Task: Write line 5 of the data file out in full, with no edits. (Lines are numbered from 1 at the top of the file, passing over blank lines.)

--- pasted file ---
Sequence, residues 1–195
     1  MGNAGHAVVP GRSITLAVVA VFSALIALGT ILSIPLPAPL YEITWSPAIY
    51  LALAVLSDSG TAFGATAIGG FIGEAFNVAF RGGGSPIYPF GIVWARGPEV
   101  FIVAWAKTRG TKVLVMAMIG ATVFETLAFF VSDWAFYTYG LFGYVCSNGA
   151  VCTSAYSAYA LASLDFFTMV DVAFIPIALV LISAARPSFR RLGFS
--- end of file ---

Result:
   151  VCTSAYSAYA LASLDFFTMV DVAFIPIALV LISAARPSFR RLGFS